A week ahead on Wall Street: Fed-aligned investors see growing risk from rising US stocks

The Federal Reserve’s hawkish stance, rising Treasury yields, and the looming government shutdown add up to a cocktail of risks that has spooked investors and clouded the outlook for U.S. stocks.

United States have fallen more than 6% since peaks in late July, and the last week has been particularly stressful for investors. The Fed expects to keep interest rates high for longer than expected, leading to a sell-off in U.S. stocks and bonds.

The S&P 500 index fell by 2. this week, a 9% decline, the largest weekly decline since March. BOFA Global survey data showed investors sold global stocks at the fastest pace this year, with a net $16.9 billion worth of stocks leaving trading in the week leading up to Wednesday. The index has grown by 12.8% since the beginning of the year.

“We have recorded stable growth in the summer months, but we are entering a period of significant risk to the economy”; said Charlie Ripley, senior investment strategist at Allianz Investment Management. Citing the desire to minimize risk, investors anticipate a slight decrease in their enthusiasm for stocks, according to his analysis.

10-year U.S. Treasury yields, which move inversely to prices, are near their highest level in 16 years. High yields on government bonds overshadow the appeal of stocks and offer investors an attractive return on an investment that is considered virtually risk-free.

Furthermore, market players are contending with numerous conceivable challenges to the growth of the U.S. economy, which has been a key driver behind this year’s surge in stock prices. The biggest challenge is raising interest rates if the Fed continues to focus on keeping borrowing costs high in a determined effort to reverse inflation.

The Fed relies too much on the soft landing narrative”; said Brian Jacobsen, chief economist at Annex Wealth Management.“A confident Fed is a dangerous Fed because it ignores the early signs of weakness.”

Other risks include high oil prices, the resumption of student loan payments in October, and the planned government shutdown if lawmakers fail to budget by September 30.

Seasonal factors also appear bleak, at least in the short term. In September, the S&P 500 Index hit its historically weakest 10-day period of the year. According to BofA Global Research, 18. Historically, the index has fallen 1.66%, in a period where the first 10 days of the month underperformed, similar to this year, the bank said.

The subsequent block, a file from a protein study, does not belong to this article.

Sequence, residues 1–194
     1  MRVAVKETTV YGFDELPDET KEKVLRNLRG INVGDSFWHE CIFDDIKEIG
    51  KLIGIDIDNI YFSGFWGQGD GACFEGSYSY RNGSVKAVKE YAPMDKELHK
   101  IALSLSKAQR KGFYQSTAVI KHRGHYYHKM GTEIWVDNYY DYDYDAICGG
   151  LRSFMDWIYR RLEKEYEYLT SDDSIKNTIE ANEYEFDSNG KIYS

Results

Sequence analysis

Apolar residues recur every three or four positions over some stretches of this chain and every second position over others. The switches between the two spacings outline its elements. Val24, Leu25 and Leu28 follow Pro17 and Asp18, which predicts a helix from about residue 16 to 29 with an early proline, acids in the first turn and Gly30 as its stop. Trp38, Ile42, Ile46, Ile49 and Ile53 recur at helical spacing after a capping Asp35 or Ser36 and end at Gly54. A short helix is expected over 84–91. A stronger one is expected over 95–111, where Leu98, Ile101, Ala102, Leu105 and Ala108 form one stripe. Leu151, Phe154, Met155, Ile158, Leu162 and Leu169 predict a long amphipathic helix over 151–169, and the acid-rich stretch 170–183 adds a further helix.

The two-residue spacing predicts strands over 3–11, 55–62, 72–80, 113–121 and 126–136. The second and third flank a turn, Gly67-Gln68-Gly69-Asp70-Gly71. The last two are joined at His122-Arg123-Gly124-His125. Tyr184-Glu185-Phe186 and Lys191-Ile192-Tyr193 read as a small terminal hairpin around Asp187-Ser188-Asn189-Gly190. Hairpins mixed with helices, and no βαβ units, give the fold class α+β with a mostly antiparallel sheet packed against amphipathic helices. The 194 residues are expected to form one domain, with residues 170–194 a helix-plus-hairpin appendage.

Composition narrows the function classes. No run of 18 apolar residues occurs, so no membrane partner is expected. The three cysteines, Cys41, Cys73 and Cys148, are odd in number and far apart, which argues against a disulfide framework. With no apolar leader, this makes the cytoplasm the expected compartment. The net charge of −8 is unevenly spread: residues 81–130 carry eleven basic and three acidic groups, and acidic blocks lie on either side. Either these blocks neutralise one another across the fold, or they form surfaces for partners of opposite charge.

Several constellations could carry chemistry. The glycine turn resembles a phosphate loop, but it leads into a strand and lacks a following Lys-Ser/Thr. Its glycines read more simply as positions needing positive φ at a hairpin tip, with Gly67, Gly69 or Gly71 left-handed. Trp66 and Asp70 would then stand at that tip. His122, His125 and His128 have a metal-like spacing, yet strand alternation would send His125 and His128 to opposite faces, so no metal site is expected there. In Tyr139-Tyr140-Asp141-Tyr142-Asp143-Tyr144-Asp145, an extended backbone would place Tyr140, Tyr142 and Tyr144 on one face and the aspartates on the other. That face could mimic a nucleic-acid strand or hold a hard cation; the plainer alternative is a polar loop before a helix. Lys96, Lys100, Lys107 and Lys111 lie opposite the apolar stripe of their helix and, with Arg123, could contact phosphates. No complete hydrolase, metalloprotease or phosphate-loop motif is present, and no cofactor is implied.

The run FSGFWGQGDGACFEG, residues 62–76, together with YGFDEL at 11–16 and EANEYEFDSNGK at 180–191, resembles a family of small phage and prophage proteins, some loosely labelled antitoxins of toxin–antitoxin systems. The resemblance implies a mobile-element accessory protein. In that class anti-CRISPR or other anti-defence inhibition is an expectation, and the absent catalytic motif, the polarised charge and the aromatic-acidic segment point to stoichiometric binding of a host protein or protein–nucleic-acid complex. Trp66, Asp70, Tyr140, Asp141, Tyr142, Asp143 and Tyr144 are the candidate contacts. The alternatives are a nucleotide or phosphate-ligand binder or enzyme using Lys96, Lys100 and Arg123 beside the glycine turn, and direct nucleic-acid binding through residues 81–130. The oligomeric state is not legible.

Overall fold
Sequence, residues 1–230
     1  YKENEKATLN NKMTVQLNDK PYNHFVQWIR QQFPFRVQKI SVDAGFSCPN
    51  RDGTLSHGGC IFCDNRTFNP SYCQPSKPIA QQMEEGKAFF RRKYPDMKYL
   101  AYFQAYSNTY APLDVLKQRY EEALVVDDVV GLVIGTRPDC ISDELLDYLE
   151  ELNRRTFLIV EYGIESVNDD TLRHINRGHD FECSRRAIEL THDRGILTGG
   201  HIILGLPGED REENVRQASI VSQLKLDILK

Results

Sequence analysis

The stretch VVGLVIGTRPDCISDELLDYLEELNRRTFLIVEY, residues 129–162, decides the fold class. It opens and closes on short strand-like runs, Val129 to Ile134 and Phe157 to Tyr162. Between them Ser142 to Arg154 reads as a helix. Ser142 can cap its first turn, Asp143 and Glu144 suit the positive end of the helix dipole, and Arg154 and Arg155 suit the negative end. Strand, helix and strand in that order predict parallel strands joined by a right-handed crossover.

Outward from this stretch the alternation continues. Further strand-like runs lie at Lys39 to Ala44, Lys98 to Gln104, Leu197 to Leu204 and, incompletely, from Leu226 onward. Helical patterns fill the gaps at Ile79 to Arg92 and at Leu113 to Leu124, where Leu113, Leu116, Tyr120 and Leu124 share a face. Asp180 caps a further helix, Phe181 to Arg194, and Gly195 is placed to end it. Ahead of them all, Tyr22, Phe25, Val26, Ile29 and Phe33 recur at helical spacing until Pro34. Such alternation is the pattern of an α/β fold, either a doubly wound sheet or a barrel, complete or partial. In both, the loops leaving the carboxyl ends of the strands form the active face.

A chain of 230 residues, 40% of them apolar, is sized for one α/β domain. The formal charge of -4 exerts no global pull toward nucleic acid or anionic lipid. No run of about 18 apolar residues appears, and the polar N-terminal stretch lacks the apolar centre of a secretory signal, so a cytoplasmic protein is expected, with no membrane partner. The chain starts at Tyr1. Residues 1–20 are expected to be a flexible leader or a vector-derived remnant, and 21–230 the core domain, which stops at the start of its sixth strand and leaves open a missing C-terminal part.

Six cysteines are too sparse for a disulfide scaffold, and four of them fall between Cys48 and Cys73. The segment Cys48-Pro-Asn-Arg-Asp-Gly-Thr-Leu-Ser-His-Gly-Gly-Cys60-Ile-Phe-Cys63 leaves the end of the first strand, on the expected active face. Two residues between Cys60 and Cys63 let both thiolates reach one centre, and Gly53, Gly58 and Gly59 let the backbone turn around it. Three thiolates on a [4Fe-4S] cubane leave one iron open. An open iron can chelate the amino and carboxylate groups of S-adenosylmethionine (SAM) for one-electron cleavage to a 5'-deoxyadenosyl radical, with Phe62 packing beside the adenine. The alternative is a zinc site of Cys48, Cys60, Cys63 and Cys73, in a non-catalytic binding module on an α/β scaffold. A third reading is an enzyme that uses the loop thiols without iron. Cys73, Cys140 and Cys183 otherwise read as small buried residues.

“Seasonality manifests itself with unpleasant days until October”; However, BoFA analysts wrote that dips could create opportunities for dip buyers.

At the same time, the ongoing government shutdown could increase concerns about the situation in the United States. The government is blocking the impasse and further increasing the yield on government bonds. Earlier this year, lawmakers fought a long battle over raising the debt ceiling. This led to a downgrade of the credit rating by the rating agency Fitch, wrote analysts at Societe Generale.

Higher yields could make matters worse for stock markets, which have struggled with rising yields in recent weeks.

Of course, the strategists and indicators showed there was plenty of liquidity left for investors looking to buy on weakness. Buyers would likely step in if the S&P 500 fell to 4,200, about 3% from its current level, said Keith Lerner, co-chief investment officer at Truist.

Such a decline would bring the price-to-earnings ratio to 17.5, which is in line with the 10-year average, Friday’s report said.

“At least initially, we expect buyers to flock to this area….to help mitigate short-term weaknesses,” he said.

Adam Turnquist, chief technical strategist at LPL Financial, remained bullish in the report released Friday evening, even as most indicators, including market breadth, were positive. He noted that the S&P 500 index was above its 200-day moving average and there was no sign of investors fleeing for safety.

From a broader perspective, the market exhibits a downturn, yet he emphasized it’s not a straightforward decline in his written analysis. It’s entirely customary to experience a retracement during a bullish market phase.

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